What would happen if a couple trying to support themselves and two kids on minimum wage suddenly found they were making a “living wage”?
“They’d be taking home $34,777 more annually,” according to Social Planning Cowichan’s Summer Goulden, with an hourly income of $18.81.
“We just made that calculation yesterday. It’s an enormous difference. It really puts it into perspective. That’s an income in itself,” she said.
Goulden is coordinator of the Living Wage project at SPC.
The most recent figures were released last week.
As expected, housing costs are high in the Valley, exacerbated, as they are in many communities, by a shortage of affordable rental accommodation.
Another problem facing Valley residents is the cost of childcare.
“That’s really interesting, especially when compared to the two previous living wage reports we’ve done. Childcare costs are more reflective of the reality now,” Goulden said.
“They include what summer care would look like. But still they don’t show the costs for a family with a very young child or with more than two children. It would be a lot more as well. And there is finding something that works for your family and places that have vacancies,” Goulden said.
“And on top of that, an interesting thing to see this year was food prices. The BC Food Report was saying that B.C. families might spend an additional $345 on food this year. Food is becoming a lot more expensive and that’s one of the things that has gone up pretty consistently throughout the years.”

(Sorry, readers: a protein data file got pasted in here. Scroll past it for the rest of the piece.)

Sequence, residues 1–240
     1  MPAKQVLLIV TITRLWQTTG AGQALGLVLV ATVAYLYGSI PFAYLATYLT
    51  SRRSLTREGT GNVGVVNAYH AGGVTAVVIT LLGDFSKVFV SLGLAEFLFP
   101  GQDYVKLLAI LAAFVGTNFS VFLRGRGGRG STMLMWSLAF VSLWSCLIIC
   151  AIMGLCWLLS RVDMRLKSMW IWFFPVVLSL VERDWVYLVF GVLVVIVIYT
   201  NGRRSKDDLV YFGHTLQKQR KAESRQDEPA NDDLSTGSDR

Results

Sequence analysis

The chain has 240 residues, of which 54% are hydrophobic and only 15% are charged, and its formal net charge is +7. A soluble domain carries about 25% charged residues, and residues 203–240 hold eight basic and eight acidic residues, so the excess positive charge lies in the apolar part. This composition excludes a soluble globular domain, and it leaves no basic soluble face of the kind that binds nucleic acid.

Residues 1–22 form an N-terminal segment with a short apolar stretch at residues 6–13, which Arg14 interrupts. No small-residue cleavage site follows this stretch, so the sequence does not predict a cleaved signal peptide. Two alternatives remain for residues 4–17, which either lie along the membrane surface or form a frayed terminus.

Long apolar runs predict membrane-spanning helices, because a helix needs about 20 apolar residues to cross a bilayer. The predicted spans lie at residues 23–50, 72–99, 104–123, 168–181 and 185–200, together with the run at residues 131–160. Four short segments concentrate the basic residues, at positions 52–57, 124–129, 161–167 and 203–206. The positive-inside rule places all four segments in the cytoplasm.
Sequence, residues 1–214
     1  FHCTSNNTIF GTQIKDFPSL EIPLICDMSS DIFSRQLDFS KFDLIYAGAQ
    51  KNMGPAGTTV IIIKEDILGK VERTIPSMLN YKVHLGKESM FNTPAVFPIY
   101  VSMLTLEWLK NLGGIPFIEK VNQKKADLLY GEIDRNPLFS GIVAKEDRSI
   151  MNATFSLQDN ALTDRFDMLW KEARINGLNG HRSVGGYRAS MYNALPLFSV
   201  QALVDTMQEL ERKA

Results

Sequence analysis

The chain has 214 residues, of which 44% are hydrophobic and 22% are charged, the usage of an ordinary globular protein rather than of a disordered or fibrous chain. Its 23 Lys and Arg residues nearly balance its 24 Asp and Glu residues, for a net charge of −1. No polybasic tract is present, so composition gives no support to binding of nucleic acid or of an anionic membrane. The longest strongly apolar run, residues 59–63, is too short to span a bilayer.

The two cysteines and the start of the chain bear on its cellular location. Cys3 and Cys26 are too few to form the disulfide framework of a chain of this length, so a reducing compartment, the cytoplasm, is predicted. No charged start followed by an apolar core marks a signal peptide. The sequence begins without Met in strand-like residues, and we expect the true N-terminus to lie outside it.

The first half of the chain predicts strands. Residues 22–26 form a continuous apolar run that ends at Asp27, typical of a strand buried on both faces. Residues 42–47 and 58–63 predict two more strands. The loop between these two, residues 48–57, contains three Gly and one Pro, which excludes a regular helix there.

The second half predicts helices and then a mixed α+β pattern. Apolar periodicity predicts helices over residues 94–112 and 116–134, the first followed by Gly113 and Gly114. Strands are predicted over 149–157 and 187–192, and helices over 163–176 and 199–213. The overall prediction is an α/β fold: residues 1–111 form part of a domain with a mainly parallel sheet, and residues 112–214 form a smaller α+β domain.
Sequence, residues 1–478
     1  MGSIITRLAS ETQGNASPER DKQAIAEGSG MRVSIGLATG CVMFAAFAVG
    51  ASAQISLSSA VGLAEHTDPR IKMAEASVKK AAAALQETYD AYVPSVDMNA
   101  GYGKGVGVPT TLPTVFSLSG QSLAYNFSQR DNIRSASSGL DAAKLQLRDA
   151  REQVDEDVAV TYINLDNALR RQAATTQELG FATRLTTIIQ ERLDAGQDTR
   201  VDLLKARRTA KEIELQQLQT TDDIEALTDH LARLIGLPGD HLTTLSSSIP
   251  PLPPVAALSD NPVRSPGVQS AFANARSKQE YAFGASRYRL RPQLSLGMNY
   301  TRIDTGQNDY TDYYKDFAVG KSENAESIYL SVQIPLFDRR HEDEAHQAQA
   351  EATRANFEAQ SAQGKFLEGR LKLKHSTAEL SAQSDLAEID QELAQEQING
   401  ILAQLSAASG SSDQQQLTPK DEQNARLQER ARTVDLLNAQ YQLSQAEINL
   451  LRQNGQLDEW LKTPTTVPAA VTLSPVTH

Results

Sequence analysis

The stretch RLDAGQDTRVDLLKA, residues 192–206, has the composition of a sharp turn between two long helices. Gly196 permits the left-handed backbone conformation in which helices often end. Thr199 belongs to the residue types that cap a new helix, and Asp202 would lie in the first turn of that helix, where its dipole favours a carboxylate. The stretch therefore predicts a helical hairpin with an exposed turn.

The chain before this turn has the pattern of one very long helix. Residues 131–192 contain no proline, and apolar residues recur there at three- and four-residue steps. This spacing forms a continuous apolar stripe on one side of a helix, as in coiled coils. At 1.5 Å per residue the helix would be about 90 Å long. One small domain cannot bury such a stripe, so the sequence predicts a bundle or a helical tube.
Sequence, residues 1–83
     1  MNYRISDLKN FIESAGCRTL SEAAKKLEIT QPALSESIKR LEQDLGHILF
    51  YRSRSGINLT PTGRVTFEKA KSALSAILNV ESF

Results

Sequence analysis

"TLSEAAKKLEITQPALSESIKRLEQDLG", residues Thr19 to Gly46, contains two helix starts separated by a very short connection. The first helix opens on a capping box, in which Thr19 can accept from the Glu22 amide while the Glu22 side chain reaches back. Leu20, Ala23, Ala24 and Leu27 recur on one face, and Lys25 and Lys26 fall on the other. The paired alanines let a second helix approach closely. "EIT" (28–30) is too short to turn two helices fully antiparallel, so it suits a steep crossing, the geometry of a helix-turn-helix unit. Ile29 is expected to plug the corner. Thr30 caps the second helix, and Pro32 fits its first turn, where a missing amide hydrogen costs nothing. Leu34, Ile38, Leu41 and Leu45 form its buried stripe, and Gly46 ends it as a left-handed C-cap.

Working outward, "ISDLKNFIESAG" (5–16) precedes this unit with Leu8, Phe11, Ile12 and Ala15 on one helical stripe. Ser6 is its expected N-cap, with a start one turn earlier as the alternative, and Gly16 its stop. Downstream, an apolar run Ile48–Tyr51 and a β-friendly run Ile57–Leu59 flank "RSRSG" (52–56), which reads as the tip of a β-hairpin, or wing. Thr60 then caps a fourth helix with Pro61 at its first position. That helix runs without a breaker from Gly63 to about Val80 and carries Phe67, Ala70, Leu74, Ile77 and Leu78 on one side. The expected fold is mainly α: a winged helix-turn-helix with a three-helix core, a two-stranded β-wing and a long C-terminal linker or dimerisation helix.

At Duncan Day on July 16, Social Planning Cowichan got a chance to talk with members of the public about the findings.
“I myself talked to a few mothers. They said our food pricing wasn’t reflective of what they were actually spending on food because they had quite a few children. They said our number was quite low.”
Parents also pointed out that using government figures doesn’t show the costs involved when people follow the popular local practice of buying food directly from farmers, Goulden said.
“Quality over quantity is such a strong movement, but it’s tough that when you’re going organic, it’s a lot more expensive. It really limits people’s ability to eat healthy sometimes, or makes them sacrifice in other areas,” she said.
“The people who came by [July 16] were really shocked at the difference between the minimum wage and how much it actually costs to live here and employers’ ability to pay a living wage.”
Now that Social Planning Cowichan has this information, the next step is to talk with employers.
“We’re hoping to encourage employers in the Valley to pay a living wage by showing them the problems families face, and also showing them the benefits that a business can have by paying employees a living wage. Those include a lower employee turnover rate, lower levels of stress, fewer employees working two jobs to make ends meet. It would mean overall a better staff,” Goulden said.